Lois V Vierk and Anita Feldman
HEXA exists in two versions: the original 1988 dance concert version, and a slightly shorter version which was used in a video produced by Jan Roberts-Breslin in 1990 and subsequently released on CD (audio track only) by Innova Records in 2010 (Innova 233 "25 Years of New York New Music: The NYFA Collection"). The audio recording of this slightly shorter version is notable because tap dance, percussion and electronic processing were recorded and mixed in a sound studio. The sound quality of the CD is excellent unlike, of course, that of video recordings made in concert. Hexa is a tap dance/music work and also stands alone as a music piece.
The original dance concert version has 316 measures and the CD version has 260 measures. Small cuts were made in the original version throughout the piece, to produce the CD version. Scores of both versions are included here. The CD version appears first and the original dance concert version follows.
Hexa is one of six music/tap dance works co-created by tap dance choreographer Anita Feldman and composer Lois V Vierk during the 1980s and 90s. This piece was the inaugural work for Feldman's Tap Dance Instrument (patented). It had long been Feldman's belief that music made by the feet was equal to music made by musical instruments. Desiring to dance on an instrument that would allow the dancers' feet to make resonant and varied music in any performance situation, she joined forces with San Francisco instrument builder Daniel Schmidt to design the modular and portable Tap Dance Instrument, which was then constructed by Schmidt in 1987. The Tap Dance Instrument consists of six platforms, each about 9 inches off the ground. They can be arranged in any desired configuration. Three of the modules are hexagons of approximately 5 feet across, made of different woods and constructed in varying ways, so that they have individual resonances and timbres. A fourth platform is the "Tap Marimba" with 7 pitched keys. These large wooden keys can be replaced with alternates, so a number of tunings are possible. The remaining two platforms are smaller and are topped with thick brass slabs. They ring like bells, one higher pitched and the other lower.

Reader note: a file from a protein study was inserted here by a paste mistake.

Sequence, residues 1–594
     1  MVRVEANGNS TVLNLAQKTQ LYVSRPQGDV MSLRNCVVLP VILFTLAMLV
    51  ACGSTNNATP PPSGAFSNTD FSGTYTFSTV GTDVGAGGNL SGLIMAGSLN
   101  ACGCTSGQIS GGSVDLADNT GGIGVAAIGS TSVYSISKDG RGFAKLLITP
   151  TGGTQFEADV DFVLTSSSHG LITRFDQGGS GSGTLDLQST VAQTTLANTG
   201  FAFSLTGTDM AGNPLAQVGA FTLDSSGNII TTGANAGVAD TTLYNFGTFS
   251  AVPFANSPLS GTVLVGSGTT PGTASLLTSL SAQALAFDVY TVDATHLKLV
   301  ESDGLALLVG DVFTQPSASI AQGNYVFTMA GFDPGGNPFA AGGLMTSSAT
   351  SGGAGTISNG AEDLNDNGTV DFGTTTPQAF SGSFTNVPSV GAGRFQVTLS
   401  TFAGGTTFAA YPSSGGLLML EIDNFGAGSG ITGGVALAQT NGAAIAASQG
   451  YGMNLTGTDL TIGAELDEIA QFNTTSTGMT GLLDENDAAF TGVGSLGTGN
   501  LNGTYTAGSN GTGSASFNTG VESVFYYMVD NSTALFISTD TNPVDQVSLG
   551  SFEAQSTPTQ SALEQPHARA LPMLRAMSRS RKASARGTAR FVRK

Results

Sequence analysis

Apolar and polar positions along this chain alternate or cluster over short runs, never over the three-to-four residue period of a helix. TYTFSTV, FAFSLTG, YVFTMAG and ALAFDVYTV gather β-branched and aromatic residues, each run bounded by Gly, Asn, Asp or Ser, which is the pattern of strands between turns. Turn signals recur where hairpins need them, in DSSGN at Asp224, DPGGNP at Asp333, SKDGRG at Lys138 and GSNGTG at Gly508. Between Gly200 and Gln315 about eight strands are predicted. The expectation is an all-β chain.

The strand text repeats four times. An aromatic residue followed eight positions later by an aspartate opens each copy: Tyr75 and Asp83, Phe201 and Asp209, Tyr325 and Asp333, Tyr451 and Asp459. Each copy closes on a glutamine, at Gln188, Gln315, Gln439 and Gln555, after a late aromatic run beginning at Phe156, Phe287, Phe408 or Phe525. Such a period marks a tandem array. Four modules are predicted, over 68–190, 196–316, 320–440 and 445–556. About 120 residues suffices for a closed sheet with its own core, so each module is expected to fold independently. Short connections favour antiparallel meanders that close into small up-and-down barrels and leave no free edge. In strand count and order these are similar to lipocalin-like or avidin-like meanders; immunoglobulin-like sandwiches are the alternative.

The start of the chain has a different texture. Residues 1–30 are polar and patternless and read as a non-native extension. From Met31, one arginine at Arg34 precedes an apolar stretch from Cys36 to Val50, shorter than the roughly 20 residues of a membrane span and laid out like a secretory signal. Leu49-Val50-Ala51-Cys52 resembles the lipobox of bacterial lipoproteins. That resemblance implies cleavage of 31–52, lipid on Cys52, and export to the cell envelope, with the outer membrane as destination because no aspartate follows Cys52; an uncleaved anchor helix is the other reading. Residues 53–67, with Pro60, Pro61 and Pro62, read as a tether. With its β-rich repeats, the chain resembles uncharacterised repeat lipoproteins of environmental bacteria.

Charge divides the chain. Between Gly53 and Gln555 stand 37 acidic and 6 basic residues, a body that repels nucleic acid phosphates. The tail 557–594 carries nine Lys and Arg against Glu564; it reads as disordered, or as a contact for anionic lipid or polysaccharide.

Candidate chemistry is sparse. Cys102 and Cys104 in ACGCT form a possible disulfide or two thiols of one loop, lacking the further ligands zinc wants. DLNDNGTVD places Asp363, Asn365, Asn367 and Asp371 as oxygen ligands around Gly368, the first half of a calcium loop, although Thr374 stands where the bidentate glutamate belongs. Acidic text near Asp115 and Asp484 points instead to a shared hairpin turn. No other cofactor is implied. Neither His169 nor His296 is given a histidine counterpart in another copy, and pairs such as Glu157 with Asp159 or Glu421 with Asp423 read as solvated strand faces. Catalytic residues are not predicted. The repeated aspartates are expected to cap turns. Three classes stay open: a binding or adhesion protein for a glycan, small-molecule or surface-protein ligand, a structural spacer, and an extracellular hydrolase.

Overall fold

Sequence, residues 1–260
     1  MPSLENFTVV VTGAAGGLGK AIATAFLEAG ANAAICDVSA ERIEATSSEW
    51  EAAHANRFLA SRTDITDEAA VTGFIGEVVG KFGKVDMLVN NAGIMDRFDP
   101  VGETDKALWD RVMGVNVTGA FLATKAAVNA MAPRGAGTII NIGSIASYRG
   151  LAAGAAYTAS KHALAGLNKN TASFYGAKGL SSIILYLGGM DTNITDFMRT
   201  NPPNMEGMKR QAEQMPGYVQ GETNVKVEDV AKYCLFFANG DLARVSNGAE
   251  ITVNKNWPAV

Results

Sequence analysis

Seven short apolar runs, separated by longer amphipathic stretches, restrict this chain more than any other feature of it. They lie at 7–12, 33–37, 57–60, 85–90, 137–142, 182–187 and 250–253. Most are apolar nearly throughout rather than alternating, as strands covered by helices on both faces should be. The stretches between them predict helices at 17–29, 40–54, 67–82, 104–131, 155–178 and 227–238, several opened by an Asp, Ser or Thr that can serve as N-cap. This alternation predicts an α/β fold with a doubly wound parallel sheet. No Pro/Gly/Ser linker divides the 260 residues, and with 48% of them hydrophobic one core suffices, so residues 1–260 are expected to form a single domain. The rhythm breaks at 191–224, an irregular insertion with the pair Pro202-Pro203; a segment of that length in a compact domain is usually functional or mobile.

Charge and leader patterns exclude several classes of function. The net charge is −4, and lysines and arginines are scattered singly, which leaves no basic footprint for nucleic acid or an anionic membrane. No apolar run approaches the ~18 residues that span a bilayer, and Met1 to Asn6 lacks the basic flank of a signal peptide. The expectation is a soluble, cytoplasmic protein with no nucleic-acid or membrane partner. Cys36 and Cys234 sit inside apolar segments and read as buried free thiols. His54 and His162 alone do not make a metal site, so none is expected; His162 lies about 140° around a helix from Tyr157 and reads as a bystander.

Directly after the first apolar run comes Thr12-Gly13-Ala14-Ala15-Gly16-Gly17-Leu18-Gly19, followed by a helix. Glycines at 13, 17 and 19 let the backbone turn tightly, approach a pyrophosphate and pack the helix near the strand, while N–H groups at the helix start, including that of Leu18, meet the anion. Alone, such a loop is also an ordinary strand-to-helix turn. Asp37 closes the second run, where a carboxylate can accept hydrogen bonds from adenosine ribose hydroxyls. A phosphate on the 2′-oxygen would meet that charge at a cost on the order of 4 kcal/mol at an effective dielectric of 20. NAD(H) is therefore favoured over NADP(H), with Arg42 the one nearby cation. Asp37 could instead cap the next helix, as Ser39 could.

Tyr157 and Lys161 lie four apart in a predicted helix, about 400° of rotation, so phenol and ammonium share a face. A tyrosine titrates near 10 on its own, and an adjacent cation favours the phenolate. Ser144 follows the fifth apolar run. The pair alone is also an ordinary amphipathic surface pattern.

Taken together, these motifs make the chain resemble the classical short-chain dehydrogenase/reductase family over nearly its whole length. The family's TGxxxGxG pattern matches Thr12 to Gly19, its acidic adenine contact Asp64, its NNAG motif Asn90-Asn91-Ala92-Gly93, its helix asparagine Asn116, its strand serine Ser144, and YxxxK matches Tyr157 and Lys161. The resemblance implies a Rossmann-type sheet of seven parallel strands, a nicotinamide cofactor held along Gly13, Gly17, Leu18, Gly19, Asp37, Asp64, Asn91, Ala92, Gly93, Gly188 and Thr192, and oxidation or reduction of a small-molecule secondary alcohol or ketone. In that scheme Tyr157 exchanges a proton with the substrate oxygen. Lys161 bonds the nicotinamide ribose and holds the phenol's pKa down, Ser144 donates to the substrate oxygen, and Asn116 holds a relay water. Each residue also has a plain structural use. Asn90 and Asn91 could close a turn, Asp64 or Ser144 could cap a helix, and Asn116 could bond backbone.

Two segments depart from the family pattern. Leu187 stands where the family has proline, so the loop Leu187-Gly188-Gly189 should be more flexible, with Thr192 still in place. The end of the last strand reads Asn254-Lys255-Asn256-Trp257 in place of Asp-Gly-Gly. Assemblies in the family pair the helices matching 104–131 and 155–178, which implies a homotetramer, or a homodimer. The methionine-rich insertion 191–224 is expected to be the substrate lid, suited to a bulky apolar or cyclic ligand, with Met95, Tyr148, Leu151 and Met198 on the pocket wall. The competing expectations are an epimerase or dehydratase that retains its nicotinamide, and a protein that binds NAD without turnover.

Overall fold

Hexa was named for all the sixes in the piece (hexagonal floor shapes, six feet on the Tap Dance Instrument, six percussion instruments played by the musician) and for the magical connotations of "hex" and "hex signs".
Opening the work, tap dancers' feet play a tune on the tap marimba, accompanied by the percussionist's muted cymbals. Dancers' arms, legs and bodies create visual designs as the tune moves the three performers back and forth across the tap marimba. Gradually the dancers move to non-pitched wood platforms and then to the brass floor modules.
Audio CD recording is by:
Anita Feldman, David Parker, Rhonda Price dancing on Tap Dance Instrument (patented)
Percussionist Gary Schall
Live electronics with Lexicon PCM 42 by Lois V Vierk
from CD Innova 233 "25 Years of New York New Music: The NYFA Collection"
Video recorded live in concert (a good look at the choreography but sound quality is mediocre)
Tap dance performed by Anita Feldman, Tim Grandia, Rhonda Price
Kerry Meads, percussionist
Live electronics by Lois V Vierk
Video recorded live in concert June 20, 1998, at The Kitchen (NYC)